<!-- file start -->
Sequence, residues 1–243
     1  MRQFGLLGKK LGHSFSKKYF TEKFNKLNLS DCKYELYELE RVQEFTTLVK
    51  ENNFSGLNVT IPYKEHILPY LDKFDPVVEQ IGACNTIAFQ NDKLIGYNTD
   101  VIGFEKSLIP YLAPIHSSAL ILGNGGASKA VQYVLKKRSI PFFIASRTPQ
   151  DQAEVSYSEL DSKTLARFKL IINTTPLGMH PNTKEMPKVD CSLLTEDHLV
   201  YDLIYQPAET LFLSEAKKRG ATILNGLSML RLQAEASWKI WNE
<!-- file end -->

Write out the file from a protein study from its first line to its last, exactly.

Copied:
Sequence, residues 1–243
     1  MRQFGLLGKK LGHSFSKKYF TEKFNKLNLS DCKYELYELE RVQEFTTLVK
    51  ENNFSGLNVT IPYKEHILPY LDKFDPVVEQ IGACNTIAFQ NDKLIGYNTD
   101  VIGFEKSLIP YLAPIHSSAL ILGNGGASKA VQYVLKKRSI PFFIASRTPQ
   151  DQAEVSYSEL DSKTLARFKL IINTTPLGMH PNTKEMPKVD CSLLTEDHLV
   201  YDLIYQPAET LFLSEAKKRG ATILNGLSML RLQAEASWKI WNE